Not only don’t the lenders or servicers pay for the monitoring, often they get a kickback from the insurance company.
It goes without saying that there is no bidding or shopping around for a better price.
Wahl filed her lawsuit in 2008. She named ASIC as the defendant. It was filed as a class action meaning it was brought on behalf of all California homeowners who had claims similar to hers.
Homeowners Can’t Afford to Sue Banks
Suing a bank, servicer or insurance company is expensive. This case cost $4.9 million. Individual homeowners could never afford such fees and even if they could, who would spend millions of dollars to fight over a couple thousand dollars?
Banks know this and know they will rarely be sued. A class action, however, filed by the right law firm can really level the playing field.
In 2011, Wahl’s case settled. Homeowners were awarded millions of dollars in relief. ASIC also agreed to cut its rates for force placed insurance.
Wahl is just one of many lawsuits either targeting dirty insurance tactics or the lenders themselves for taking kickbacks. The market has cleaned up somewhat but once again we are seeing new abuses.
MahanyLaw Investigates Force Placed Insurance Scams
History always seems to repeat itself and once again we are seeing new schemes and scams involving force placed insurance. For an individual homeowner, it is almost impossible to take on a big bank or insurance company.
We are currently considering new class action claims for homeowners who feel they were harmed by these policies. We are specifically investigating possible claims against CitiMortgage (Citibank, Citi) and Ocwen.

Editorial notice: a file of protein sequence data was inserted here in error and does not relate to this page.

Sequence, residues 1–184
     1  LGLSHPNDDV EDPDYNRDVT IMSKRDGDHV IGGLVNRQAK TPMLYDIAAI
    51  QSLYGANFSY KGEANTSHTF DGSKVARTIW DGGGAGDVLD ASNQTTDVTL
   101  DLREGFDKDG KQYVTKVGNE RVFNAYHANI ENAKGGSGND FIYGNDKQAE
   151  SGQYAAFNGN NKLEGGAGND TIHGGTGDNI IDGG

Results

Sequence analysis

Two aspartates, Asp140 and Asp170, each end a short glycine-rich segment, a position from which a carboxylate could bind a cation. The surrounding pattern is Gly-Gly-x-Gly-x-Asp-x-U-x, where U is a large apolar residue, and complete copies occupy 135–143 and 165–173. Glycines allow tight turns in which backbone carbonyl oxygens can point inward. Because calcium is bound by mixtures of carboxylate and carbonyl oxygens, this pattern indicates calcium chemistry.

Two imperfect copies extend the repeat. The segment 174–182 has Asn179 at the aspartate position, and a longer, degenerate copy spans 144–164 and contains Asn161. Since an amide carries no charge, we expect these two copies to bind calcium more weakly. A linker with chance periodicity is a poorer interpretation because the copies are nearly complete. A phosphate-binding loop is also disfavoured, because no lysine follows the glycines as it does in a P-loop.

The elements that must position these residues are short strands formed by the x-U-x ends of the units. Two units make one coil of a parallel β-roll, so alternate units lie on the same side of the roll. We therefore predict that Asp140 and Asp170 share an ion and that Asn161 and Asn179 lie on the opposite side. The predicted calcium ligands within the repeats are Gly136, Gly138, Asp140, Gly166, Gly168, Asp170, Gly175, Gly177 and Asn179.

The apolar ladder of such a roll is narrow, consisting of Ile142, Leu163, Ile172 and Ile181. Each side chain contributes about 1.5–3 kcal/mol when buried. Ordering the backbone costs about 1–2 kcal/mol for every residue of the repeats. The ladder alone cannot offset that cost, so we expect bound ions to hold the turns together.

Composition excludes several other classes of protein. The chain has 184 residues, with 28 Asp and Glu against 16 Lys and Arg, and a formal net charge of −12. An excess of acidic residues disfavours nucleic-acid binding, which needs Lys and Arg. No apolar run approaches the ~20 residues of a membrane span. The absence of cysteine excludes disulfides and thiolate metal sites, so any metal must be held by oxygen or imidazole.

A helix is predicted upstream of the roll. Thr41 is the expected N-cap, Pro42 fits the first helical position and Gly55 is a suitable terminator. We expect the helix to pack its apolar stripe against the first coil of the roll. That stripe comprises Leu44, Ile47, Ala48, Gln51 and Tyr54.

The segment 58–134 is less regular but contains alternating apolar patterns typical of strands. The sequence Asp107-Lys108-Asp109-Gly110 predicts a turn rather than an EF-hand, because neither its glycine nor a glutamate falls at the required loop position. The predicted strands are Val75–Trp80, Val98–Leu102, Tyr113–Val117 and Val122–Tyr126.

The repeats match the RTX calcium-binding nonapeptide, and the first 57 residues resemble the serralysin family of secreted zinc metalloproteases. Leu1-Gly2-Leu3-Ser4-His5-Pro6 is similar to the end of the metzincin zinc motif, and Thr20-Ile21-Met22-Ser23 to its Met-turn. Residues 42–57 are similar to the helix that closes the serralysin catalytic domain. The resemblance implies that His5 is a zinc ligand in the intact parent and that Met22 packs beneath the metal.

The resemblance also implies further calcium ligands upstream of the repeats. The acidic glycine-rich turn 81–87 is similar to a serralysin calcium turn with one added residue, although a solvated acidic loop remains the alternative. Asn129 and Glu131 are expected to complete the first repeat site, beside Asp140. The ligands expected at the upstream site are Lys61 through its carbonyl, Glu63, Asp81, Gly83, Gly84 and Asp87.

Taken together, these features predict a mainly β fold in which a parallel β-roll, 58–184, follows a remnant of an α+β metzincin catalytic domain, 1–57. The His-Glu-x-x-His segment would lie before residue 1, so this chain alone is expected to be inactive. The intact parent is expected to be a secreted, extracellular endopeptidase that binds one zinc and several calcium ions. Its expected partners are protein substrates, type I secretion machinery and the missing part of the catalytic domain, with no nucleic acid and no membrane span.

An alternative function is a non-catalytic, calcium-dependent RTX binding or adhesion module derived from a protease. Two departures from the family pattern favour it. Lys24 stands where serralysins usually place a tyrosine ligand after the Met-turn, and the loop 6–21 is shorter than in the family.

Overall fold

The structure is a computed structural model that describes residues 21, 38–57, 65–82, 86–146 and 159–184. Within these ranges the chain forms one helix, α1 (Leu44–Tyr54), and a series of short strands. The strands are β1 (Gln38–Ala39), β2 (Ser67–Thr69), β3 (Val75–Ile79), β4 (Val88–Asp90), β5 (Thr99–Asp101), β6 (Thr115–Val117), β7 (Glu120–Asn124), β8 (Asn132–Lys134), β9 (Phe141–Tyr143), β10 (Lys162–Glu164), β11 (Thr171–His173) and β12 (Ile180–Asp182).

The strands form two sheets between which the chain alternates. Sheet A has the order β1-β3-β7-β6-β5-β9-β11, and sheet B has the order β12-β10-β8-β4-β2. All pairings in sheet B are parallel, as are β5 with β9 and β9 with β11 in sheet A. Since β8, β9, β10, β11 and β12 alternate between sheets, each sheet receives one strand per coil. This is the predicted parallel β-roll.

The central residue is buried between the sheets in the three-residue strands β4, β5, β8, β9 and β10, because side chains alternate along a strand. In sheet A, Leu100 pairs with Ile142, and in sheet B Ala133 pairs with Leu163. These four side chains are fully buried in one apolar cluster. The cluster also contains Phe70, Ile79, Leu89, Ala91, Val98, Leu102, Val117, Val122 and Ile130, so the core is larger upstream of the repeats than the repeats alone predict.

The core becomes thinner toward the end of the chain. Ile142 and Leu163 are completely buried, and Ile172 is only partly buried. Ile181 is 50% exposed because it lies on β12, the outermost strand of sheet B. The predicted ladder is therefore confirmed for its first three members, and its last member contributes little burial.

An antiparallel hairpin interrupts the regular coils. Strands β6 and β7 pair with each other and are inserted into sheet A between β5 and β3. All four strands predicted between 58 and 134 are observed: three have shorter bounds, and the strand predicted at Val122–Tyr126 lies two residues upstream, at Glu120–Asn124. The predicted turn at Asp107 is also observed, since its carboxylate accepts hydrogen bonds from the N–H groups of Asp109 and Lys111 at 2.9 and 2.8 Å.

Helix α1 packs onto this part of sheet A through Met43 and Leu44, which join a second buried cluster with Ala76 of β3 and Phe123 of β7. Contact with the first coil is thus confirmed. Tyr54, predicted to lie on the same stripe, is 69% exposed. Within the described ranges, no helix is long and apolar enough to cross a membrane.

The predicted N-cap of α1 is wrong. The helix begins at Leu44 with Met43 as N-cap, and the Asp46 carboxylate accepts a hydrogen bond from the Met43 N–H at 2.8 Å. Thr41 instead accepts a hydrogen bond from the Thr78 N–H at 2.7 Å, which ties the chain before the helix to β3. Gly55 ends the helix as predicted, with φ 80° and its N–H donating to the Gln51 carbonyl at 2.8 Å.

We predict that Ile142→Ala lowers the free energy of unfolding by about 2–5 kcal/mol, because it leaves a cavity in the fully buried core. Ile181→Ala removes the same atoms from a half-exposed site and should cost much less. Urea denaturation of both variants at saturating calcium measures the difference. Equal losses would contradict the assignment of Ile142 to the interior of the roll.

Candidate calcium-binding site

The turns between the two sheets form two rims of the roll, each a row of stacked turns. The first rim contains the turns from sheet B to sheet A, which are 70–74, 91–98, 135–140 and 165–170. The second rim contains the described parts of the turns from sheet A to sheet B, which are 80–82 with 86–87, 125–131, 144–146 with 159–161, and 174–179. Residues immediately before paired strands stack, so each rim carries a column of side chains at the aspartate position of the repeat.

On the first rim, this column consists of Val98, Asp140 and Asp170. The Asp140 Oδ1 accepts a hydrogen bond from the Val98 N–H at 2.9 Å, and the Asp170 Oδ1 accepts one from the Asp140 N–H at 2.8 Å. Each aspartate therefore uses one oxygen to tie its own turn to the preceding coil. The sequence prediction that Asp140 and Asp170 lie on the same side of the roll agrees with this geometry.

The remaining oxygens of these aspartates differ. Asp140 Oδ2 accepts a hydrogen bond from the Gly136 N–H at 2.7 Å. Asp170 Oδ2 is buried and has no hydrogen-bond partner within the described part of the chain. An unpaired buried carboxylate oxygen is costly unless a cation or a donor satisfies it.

If you have been the recipient of force placed insurance over the last 24 months, please contact us at the email below. We regret that we cannot accept phone calls.*
MahanyLaw is a full service boutique law firm that concentrates in lender liability claims AGAINST banks. We sue banks, loan servicers and insurance companies. Unfortunately, we cannot accept individual cases but do consider class cases.
The Fine Print
* A note about contacting us. We receive dozens of phone calls each day from people asking “How do I sue my bank?,” “Can I sue my bank”, Can you represent me in a foreclosure action?, etc. Unfortunately, we don’t take individual cases regarding home mortgages, can’t provide legal advice to non-clients and can’t process every call. The only way to contact us if you have a possible force placed insurance claim is by email.
Every email will be reviewed by a lawyer. Please tell us when you received force placed insurance, the name of the insurance company (if you know it), your lender or mortgage servicers (Bank of America, CitiMortgage, Ocwen, etc.) and where your home is located. If you have received force placed insurance in the last two years we will review your email.
Disclosure: Contacting us by email or through a web form does not create a lawyer – client relationship.